McCain takes South Carolina, Huckabee in second, Fred distant third

COLUMBIA, SC (CBS/AP) -- John McCain won the South Carolina Republican primary Saturday, narrowly defeating Mike Huckabee in a contest complicated by weather and voting machine malfunctions.

With 88 percent of precincts reporting, McCain was ahead of Huckabee, 33 percent to 30 percent.

McCain's win, in the state that dealt a huge blow to McCain's presidential hopes in 2000, gives him a boost headed into Florida's Jan. 29 primary, where polls indicate a tight race among the top GOP contenders.

Republican voters headed to polls across South Carolina on Saturday with two forecasts in mind: their history of correctly tapping the eventual GOP nominee, and a more immediate prediction of snow that threatened to dampen turnout, especially in conservative northern communities.

But their top concern when it came to casting their ballot appeared to be the economy, according to CBS News early exit polling. It was cited by 40 percent of voters as their top concern, followed by illegal immigration at 26 percent.

Huckabee, who polls showed deadlocked with McCain for the lead headed into Saturday's vote, has emphasized economic issues, along with aggressively courting evangelical voters, who were estimated to make up about half of Saturday's turnout. Huckabee won 40 percent of their vote, compared to 27 percent for McCain.

McCain held a big edge on the question of who was more likely to beat the Democratic nominee in November, with 42 percent choosing him over Huckabee, who only 22 percent said he would be the best general election candidate.

The exit polling indicates about one-third of voters made up their minds in the past three days, and that independent voters comprised about 19 percent of the electorate, down significantly from 2000, when independents made up 30 percent of the turnout. However, 39 percent of them backed McCain, compared to 22 percent for Huckabee. Among registered Republicans, the two were split evenly.

Weather advisories were in effect for much of the state and a cold rain greeted voters as polls opened at 7 a.m. Voting ended at 7 p.m.

As many as 90 percent of the electronic voting machines in one coastal South Carolina county did not work correctly when polls opened in Saturday morning's Republican primary, but most were up and running by noon, a county spokeswoman said.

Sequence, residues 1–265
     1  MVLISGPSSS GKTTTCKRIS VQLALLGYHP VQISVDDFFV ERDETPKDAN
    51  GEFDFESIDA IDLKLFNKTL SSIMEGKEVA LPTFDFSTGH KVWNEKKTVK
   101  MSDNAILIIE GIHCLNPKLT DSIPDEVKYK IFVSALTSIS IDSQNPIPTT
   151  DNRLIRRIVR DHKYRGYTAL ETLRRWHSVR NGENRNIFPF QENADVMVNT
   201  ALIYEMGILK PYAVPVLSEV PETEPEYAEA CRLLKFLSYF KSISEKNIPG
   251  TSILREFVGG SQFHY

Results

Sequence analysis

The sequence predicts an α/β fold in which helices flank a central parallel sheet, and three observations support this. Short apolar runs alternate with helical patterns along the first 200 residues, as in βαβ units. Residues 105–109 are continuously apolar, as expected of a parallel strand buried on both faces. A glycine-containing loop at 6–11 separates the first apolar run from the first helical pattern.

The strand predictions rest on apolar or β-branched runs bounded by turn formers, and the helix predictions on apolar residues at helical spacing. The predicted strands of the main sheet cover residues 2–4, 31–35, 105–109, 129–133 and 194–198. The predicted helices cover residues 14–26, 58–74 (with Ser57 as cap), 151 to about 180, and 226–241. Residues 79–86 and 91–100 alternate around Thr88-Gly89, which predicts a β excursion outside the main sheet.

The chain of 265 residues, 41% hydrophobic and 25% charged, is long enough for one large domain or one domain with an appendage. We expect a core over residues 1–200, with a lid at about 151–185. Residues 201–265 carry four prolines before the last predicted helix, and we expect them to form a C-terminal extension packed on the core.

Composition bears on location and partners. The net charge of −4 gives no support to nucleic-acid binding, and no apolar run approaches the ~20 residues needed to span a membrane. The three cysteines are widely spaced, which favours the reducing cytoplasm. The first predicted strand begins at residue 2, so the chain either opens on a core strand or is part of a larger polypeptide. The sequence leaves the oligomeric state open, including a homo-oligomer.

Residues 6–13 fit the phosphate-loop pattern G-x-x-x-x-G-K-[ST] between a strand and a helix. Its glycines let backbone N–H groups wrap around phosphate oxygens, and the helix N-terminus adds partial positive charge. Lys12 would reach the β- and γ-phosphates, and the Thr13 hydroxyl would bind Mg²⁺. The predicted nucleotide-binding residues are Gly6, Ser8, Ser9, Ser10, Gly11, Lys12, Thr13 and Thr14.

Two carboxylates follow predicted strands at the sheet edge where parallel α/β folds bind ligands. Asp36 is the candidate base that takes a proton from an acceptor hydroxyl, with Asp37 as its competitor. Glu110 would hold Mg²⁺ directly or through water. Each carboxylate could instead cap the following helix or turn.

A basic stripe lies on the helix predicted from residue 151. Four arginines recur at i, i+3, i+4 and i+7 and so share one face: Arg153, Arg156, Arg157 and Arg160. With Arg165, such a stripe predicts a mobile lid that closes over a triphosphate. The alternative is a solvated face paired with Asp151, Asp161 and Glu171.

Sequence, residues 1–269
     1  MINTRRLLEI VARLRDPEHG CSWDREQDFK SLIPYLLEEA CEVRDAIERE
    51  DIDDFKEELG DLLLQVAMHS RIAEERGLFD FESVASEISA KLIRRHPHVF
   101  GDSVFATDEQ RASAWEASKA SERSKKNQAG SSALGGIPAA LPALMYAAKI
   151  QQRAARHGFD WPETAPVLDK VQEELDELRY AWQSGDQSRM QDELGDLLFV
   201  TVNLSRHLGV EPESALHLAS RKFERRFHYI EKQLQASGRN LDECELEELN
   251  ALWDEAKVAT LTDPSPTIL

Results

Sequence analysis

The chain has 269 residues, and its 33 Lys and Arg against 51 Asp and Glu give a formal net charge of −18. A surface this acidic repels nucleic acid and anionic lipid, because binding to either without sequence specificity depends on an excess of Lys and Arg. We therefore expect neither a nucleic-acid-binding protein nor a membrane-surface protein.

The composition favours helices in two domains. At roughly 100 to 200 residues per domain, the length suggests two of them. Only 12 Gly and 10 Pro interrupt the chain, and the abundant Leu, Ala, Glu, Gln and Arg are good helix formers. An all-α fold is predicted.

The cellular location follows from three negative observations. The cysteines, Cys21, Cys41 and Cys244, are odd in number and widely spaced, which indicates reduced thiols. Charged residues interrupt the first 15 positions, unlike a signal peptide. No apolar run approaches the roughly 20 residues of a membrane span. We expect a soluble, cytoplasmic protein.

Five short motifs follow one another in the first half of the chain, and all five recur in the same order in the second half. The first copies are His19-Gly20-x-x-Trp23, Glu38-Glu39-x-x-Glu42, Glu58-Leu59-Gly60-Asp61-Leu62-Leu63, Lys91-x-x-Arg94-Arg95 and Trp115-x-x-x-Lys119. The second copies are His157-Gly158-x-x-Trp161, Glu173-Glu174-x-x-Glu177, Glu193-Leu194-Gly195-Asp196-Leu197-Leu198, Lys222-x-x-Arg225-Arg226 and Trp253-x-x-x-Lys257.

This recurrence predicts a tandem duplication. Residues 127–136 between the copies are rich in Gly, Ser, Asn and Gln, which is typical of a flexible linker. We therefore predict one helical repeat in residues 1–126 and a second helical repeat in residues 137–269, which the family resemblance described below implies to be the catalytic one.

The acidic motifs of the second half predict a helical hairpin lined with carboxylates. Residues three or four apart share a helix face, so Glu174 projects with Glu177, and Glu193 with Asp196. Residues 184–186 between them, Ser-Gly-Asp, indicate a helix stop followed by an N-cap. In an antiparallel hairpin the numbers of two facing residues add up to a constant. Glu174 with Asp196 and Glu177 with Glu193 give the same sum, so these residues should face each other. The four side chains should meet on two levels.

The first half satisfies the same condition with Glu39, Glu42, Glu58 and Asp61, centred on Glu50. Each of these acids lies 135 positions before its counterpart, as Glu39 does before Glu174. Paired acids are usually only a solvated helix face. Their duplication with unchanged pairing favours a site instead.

Lisa Bourcier, a spokeswoman in Horry County, which is home to Myrtle Beach, said officials had heard reports of voters being turned away because of the problems, but had no idea how many people may have been affected.

"We have heard things," Bourcier said. "There could've been some poll workers out there that probably didn't know what to do. That's some things that we're tracking down. Any party can protest an issue in the primary election, but we haven't heard anything yet."

The county has 118 precincts and she said most have three to four machines. Bourcier said by midday about 80 percent of the affected machines had been fixed and were operational. County technicians were working to fix all problems, she said.

State Election Commission spokesman Chris Whitmire said some electronic machines in the county were not properly tested before Saturday. He said a final testing step that resets a machine for voting was not done, and that prevented the machines from starting up. He said some voters used paper ballots and said the state allows voters to cast their ballot using any type of paper.

The county is part of the state's coastal region, which is considered friendly territory for McCain. His state director, Buzz Jacobs, urged any voters turned away to return later.

"Some voters say they are being instructed to return at a later time," he said in a statement." We are disturbed by these reports and hope that this issue is resolved immediately. We encourage any voters who were turned away from the polls to return again to their polling place this afternoon to exercise their constitutional right to vote."